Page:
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O-nomics and the Regulatory Cliff


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Showing 1-7 of 7 posts in this discussion
Initial post: Nov 18, 2012 5:47:00 AM PST
Magna Carta says:
>>But even without those disastrous developments, economic prospects for the nation remain dismal for the foreseeable future. The Philadelphia Federal Reserve Bank's survey of 39 economic forecasters released Nov. 9 predicts that real gross domestic product will grow this quarter at an annual rate of .8 percent, down from the previous estimate of 2.2 percent. The central bankers also predicted unemployment would average 7.8 percent in 2013, Last month, it was 7.9 percent.>>

>>Stultifying, job-killing regulation has been a hallmark of the Obama administration. An analysis by Susan Dudley, director of the George Washington University Regulatory Studies Center, reveals that with respect to "economically significant" regulations, defined as impacts of $100 million or more per year, Obama has been an outlier. While Presidents George H.W. Bush, Bill Clinton and George W. Bush "each published an average of 45 major rules a year ... the outliers are Reagan, who issued, on average, a mere 23 major regulations per year; and Obama, who has published 54 per year on average, so far.">>

http://www.ocregister.com/opinion/obama-377888-year-percent.html

Posted on Nov 18, 2012 10:28:10 PM PST
Katrina says:
When I go to a Park,...and see a sign that says..."Leave It Like You Found It"...I like that.
Sure, I have to go and throw my Coke can in a Trash Barrel, rather than on the ground,...but, that's ok.

In reply to an earlier post on Nov 18, 2012 10:46:16 PM PST
Intrepid says:
Many US companies have had improving profits from 2009 up until 2012. The reason for the slowing of GNP is Southern Europe malaise as you should know in Norway. It is dragging both the US and the EU down and the people in Spain and Greece seem oblivious to why it is their fault.

If your buyers are in a second recession, you don't get purchase orders. We are ready to manufacture more. Our buyers are in a slump of their own making this time. It's not all about the USA nor all about what Obama does. Microeconomics and sales driving a recovery are not about what Presidents do. It is up to all of us to create market opportunities and wealth - unless we want the USA to be a nanny state with socialism. But the latter is *not* what we have.

Posted on Nov 19, 2012 1:24:57 AM PST
dss says:
Intrepid says: "and the people in Spain and Greece seem oblivious to why it is their fault. "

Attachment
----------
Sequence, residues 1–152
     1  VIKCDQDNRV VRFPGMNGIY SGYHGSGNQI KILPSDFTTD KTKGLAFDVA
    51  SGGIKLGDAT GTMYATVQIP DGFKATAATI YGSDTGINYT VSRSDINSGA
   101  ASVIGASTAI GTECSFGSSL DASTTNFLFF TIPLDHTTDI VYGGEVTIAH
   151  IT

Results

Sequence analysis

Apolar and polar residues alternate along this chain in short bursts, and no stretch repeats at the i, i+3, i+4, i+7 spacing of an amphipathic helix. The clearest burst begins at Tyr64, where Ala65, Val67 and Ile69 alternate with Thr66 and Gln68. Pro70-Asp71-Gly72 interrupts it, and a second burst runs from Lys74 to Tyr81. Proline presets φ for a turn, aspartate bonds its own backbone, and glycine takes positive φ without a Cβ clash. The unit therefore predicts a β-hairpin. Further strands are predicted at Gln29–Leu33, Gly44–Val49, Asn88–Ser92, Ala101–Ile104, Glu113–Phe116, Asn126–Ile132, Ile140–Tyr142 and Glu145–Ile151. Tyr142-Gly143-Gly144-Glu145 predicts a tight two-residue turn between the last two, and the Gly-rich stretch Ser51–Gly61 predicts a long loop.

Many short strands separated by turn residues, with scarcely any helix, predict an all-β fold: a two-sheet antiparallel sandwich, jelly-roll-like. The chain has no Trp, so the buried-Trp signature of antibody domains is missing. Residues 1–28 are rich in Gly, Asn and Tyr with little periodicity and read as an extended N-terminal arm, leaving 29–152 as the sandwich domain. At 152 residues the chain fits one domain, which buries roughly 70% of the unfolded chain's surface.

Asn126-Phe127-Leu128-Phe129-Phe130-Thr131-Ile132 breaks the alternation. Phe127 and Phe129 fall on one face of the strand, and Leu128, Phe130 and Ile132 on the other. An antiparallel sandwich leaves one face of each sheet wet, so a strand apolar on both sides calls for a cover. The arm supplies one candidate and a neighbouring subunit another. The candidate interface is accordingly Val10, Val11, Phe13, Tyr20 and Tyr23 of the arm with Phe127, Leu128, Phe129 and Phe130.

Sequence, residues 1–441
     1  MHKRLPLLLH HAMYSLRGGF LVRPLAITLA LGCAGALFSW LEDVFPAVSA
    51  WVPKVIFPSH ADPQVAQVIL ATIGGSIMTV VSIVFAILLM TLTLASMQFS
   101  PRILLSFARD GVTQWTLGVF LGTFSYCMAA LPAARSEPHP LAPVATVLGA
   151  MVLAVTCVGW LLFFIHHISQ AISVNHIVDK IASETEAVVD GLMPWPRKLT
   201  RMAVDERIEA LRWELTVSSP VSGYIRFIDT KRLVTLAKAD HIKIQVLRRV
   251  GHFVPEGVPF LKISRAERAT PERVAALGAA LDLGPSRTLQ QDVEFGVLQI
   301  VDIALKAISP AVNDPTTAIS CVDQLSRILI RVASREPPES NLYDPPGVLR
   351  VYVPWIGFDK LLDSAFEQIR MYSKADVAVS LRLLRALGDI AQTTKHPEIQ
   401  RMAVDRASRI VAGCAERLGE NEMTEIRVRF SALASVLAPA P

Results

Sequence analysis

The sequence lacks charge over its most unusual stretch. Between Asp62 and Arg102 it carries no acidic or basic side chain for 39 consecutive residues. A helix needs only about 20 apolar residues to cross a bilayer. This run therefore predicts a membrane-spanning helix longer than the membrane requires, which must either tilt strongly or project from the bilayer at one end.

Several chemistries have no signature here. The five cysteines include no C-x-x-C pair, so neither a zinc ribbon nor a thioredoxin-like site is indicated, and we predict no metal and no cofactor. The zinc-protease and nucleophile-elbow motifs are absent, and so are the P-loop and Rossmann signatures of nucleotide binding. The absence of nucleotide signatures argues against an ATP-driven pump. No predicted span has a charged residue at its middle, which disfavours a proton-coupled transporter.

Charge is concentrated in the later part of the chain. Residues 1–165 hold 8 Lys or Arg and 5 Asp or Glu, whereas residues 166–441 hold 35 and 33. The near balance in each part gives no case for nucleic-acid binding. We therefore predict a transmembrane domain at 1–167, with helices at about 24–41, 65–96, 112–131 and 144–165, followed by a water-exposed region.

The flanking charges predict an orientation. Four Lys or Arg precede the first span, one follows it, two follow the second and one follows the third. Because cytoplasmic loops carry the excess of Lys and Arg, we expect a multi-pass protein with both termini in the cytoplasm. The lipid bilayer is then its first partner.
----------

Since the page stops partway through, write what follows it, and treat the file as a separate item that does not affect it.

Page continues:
You can't really pin Europe's problems on them. The banks failed in England as well. Obviously the poorer countries can't handle the economic downturns as well. But they didn't cause it.

In reply to an earlier post on Nov 19, 2012 2:02:53 AM PST
Intrepid says:
The Spanish behave as if nothing much is wrong despite increasingly empty roads and stores. The Greeks are in utter denial. Yes, we can blame them. They do not work as hard as the Scandinavians or Asians. Nor are they as ruthlessly disciplined. There is growing impatience with their lassitude. There is a cultural and work ethic divide between the successful nations in Europe and the laggards. I am not sure the EU concept can survive that. This is not simply my observation. Many others have pointed out this important reality.

In answer to the OP, this is dragging down the rest of the world's recovery - not Obama's policies. Northern Europe, Asia, and US economic indicators have all been improving. Only a downturn in European sales all this year is dampening their GNP. However, the US Congress will wonsen fear and recessionary pressures if it does not act swiftly to at least partly reduce effects of the fiscal cliff.

http://www.europeaninstitute.org/EA-August-2012/europes-north-south-dividea-stubborn-chasm.html
"EUROPE'S NORTH-SOUTH DIVIDE-A STUBBORN CHASM...Simply put, it boils down to economics versus culture."

http://www.american.com/archive/2012/february/the-american-lefts-two-europes-problem
"France, Italy, Spain, Belgium, Portugal, and Greece have all been downgraded by Standard and Poor's, sometimes repeatedly. Meanwhile, Germany, the United Kingdom, the Netherlands, Switzerland, Denmark, Sweden, Norway, and Finland maintain the highest credit rating."

In reply to an earlier post on Nov 19, 2012 12:36:27 PM PST
dss says:
You are falling for the stereotype. The OECD says that the Greeks work longer hours than any other European country - a full 40 percent more than Germans. I've been to Spain - they work different hours, not less. Taking off mid-day is practical, not lazy. But we were working until 10pm.

They had austerity forced on them when what they needed was a stimulas. Like I said, the poorer countries are hit harder by recessions than those with more.

In reply to an earlier post on Nov 19, 2012 1:30:07 PM PST
Magna Carta says:
The Northern Europe did its austerity in 1990-91, we also did major changes to budgeting too. The Mediterranean would be better off with their own currency, which is what will happen when sufficient poverty has been forced on people by the elites who implemented the Euro. The Euro will maintain poverty in the Med.
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This discussion

Discussion in:  Politics forum
Participants:  4
Total posts:  7
Initial post:  Nov 18, 2012
Latest post:  Nov 19, 2012

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